As the first major war of the 21st century rages on, continuing to dominate our collective consciousness, cinema takes us back to the most legendary battle of antiquity with “Troy,” director Wolfgang Petersen’s opulent re-creation of Bronze Age conflict. The question is, in re-visiting one of Western civilization’s bedrock myths, what can we learn from it today?
Well, apparently not much. We learn that life is short and war is hell, but glory on the battlefield is immortal. And that’s about it. Sit back and enjoy the swordplay, but be aware that screenwriter David Benioff, author of “25th Hour,” has also been hacking away. His target? Homer (the bard, not Simpson) and his magnum opus “The Iliad,” from which the writer has chopped a considerable amount of timeless wisdom.
First and foremost, “Troy” is a film concerned with spectacle, with the height of its battlements and the size of its armies. While that makes the film watchable, often enjoyable, in a popcorn-flick sort of way, it does a disservice to the myth. For myths, aside from being action-packed and fantastic stories, are also supposed to serve as allegory — primal tales that contain universal, timeless truths about human nature.
One gets the impression that the power of myth was on the director’s mind far less than the power of Brad Pitt’s pecs; both he and Orlando Bloom, as Achilles and Paris respectively, get bare-torsoed frontal shots that stop just short of the mosaic zone. (Hetero male viewers are less well-serviced; when Helen disrobes, it’s a chaste camera angle.) Overall, “Troy” is the sort of movie in which the hair styling is more interesting than the characters, where historical accuracy extends to every groove in a warrior’s armor, but not to the story as it’s been handed down for 3,000 years. In a word: Hollywood.
If you’re not familiar with the story, good; ignorance is bliss and you won’t wince as it gets butchered. Yes, it’s the same tale of a war waged over a woman, fought between the Phrygian city of Troy and an array of Greek city-states circa 1200 B.C., which culminated when the Greeks pulled off that famous trick with the wooden horse. The particulars, however, have lost a lot of color. Gone are central characters such as Cassandra, the prophetess cursed with the ability to see the future, but have no one believe her; Aeneas, hero of Virgil’s epic “The Aeneid” and founder of Rome; Iphigenia, the sacrificed daughter of Agamemnon, immortalized by Goethe and Racine; and Laocoon, priest of Apollo, dragged to his death by serpents while trying to warn his countrymen of treachery by the Greeks.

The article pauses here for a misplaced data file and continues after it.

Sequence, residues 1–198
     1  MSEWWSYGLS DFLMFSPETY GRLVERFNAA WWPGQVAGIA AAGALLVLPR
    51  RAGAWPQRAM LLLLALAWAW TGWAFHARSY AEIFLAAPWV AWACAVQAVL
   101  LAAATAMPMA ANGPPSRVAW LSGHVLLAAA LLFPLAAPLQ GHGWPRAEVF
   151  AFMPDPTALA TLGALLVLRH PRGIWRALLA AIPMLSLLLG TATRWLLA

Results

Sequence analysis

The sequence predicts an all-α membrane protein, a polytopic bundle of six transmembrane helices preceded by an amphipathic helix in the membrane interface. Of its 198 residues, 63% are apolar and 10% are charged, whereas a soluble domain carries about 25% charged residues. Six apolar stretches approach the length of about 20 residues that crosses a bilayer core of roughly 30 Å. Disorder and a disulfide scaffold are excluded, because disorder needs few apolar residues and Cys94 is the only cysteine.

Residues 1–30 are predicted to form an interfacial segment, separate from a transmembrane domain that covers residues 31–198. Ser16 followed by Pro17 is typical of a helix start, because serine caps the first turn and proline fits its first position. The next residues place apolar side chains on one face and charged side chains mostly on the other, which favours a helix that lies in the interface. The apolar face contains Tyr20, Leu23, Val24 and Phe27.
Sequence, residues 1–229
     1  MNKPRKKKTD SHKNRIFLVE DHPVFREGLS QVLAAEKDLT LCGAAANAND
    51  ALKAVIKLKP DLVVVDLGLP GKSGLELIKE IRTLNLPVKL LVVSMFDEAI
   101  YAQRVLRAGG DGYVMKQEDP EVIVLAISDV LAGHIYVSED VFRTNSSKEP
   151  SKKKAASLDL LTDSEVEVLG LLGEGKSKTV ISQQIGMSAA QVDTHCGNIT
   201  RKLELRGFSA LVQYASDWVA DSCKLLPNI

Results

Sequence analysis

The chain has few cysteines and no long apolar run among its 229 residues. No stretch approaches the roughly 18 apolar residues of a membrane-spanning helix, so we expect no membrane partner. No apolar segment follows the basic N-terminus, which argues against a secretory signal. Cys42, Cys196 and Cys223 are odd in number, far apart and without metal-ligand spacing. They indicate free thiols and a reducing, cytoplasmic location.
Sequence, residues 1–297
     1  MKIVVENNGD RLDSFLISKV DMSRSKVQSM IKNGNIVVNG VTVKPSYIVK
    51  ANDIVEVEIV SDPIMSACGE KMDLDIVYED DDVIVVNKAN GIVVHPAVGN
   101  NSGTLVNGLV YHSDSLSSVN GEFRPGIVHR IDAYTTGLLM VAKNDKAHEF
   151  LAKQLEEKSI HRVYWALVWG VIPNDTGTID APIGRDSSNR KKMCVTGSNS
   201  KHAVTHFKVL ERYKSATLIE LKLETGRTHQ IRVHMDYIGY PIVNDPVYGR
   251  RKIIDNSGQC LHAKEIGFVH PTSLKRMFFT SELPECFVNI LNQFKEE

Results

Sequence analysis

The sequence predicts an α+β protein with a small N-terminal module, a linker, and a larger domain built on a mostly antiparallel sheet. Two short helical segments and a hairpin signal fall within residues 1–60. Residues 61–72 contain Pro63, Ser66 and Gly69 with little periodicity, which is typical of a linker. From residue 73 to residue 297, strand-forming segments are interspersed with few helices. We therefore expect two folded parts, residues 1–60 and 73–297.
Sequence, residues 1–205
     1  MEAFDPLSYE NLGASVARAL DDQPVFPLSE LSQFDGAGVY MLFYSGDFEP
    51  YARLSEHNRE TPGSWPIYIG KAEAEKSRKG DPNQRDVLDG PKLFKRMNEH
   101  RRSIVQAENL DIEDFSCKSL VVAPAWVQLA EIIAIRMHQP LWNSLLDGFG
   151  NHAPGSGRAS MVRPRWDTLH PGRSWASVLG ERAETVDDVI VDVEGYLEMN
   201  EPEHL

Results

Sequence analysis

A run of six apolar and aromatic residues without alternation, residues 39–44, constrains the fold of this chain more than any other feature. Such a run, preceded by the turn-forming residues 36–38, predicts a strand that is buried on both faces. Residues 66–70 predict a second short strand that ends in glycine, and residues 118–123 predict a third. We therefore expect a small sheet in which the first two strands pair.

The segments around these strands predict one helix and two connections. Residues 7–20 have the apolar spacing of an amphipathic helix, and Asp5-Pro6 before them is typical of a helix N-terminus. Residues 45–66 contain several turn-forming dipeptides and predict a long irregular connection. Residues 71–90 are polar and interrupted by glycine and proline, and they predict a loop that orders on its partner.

Even the war’s origin is “re-imagined.” In “The Iliad,” the goddesses Hera, Athene and Aphrodite appear before a handsome young cowherd, Paris — long lost son of Priam, King of Troy (the guy had 50 sons, so cut him some slack) — and ask him to pick the most beautiful. Paris chose Aphrodite, goddess of love, swayed by her promise that she would deliver him Helen, the most desirable woman in all of Greece. (Played here by unknown Diane Kruger, who’s too bland to live up to that billing.) When Paris collected on this promise, Helen’s husband, Menelaus, king of Sparta, didn’t take it well, and called in help from his brother, Agamemnon, king of Mycenae, and set sail for Troy and vengeance.
In the movie, Paris seduces Helen while visiting Sparta as part of a Trojan peace delegation, a far more craven move than receiving a divine gift. In excising the gods and the supernatural from this part of the story, Benioff reveals the approach that he brings to the material, a “realist,” antimyth version of the war. He must have presumed that modern audiences wouldn’t buy the concept of godly intervention in human affairs . . . unless, of course, it’s Jesus Christ, whose every bit of magic must be treated as literal truth.
Now if Benioff thinks he can rewrite Homer to better effect, more power to him, but he’d better prove up to the challenge — something that Shakespeare, Chaucer, Virgil, Euripides, Eugene O’Neill and others have achieved. Benioff, however, never gets very deep into his characters. The great love of Helen and Paris is noticeably low on gas, while Agamemnon is a one-note tyrant whom Dr. Evil would have no problem relating to. Eric Bana does a fine job as Hector, son of Priam and Troy’s most gallant defender, bringing a quiet dignity to the role and convincing you that he’s a man born to lead. But the script lets him down at every turn. Take his rousing speech to his troops before battle: “I’ve lived by a code, and the code is simple: Honor the gods, love your woman and defend your country!” Words to echo across the centuries?